Before I visited Cairnsmore of Fleet, National Nature Reserve, I probably anticipated my experience would be dominated by the ‘natural’ and that I would encounter a wild landscape. However, even as I arrived it became rapidly apparent that the landscape was significantly marked by cultural activity. Not only is much of it dominated by significant areas of coniferous plantations but the Big Water of Fleet Viaduct was a striking cultural relict (apparently featuring in the 1935 film version of John Buchan’s 39 Steps).
In fairness I was drawn to the site because I knew there was an artwork by artist Matt Baker and poet Mary Smith: a collection of five sculptures and poems (Scene Shifters, Ocean, Hush, Heart and Erratic) which responded to the landscape of Cairnsmore. In amongst the buildings of the working farm is a small (but excellent) visitor center with interpretation about the landscape and the art works.
It was there that I collected five posts cards which were to guide me on my journey of discovery. To discover the sculptures at Cairnsmore there are five clues, one on each of the post cards, which lead you consecutively to the sculptures. The first to Ocean reads –
from the visitor centre before the river is bridged, don’t get your feet wet !
I am not going to show you all the sculptures (sorry, but they are wonderful), as I want you all to have your own journey of discovery at Cairnsmore…..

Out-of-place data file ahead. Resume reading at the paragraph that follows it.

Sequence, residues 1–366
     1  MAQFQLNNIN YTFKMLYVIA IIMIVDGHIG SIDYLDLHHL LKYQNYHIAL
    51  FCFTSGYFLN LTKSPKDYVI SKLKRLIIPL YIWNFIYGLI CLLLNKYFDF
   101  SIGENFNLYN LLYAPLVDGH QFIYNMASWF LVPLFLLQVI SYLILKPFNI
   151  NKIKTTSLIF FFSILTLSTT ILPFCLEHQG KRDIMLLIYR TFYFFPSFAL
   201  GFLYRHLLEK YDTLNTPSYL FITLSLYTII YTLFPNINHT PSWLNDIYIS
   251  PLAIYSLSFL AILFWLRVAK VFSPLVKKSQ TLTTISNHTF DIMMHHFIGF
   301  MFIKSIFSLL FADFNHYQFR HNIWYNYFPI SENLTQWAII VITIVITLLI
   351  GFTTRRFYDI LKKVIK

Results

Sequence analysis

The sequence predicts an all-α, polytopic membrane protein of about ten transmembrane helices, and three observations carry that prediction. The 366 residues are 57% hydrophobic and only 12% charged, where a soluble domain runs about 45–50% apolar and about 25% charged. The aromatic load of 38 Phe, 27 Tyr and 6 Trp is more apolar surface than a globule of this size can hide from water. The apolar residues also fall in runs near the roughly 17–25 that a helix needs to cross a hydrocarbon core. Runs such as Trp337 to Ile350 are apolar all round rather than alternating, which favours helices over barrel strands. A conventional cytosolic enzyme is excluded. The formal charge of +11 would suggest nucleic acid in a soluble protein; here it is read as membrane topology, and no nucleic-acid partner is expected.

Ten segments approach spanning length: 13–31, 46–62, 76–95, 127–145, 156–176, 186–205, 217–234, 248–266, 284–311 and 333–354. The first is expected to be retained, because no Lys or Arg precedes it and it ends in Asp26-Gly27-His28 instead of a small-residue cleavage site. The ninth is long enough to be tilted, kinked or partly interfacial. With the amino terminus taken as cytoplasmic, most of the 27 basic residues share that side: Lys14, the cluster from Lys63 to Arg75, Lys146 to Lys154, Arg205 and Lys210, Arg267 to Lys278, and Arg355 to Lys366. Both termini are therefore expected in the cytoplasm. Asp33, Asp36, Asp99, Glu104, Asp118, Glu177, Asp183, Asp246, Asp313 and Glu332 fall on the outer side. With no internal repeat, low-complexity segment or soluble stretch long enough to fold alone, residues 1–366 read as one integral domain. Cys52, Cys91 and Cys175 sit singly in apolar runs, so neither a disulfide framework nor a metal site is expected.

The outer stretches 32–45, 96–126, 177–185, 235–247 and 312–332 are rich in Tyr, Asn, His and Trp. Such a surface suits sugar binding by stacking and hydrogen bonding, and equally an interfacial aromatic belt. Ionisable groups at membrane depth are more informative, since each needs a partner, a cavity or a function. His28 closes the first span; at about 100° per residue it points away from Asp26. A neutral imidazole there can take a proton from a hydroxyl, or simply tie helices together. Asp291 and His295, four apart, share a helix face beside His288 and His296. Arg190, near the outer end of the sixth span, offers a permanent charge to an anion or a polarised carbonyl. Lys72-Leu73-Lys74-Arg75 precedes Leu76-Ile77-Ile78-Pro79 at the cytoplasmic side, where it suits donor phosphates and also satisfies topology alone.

Over the next four hours or so, I followed the clues and was surprised and delighted by what I discovered. The individual pieces are beautifully sculpted, all imaginatively and sensitively located in their landscape, evoking many cultural and natural references, but it was the way in which they were blended into a journey of discovery which was most joyous to experience.
Landscape today is not an end result,
but only a single frame
in a long-running, slow motion movie.
How well will we act our parts in the next scene?
(From Scene Shifters by Mary Smith)
———————————————————————————————————————I did not want to give too much away in this post (as I would encourage those who are lucky enough to visit Cairnsmore of Fleet to undertake the journey of discovery which these artists have so elegantly staged for the visitor) but I hope I can give you a flavour of why I found this to be such a great artwork. I was left reflecting on what our landscapes would be like if every one was subject to a similar process of artistic exploration. Not least that these artists also produced a Cairnsmore Poems ‘passport’ for the two gateway communities at Creetown and Gatehouse which were distributed at opendays, workshops and talks: ‘The idea was to give the poems to local people and offer them the chance to find the sculptures in the landscape in the hope that knowledge of the artworks would grow outwards from within the two communities’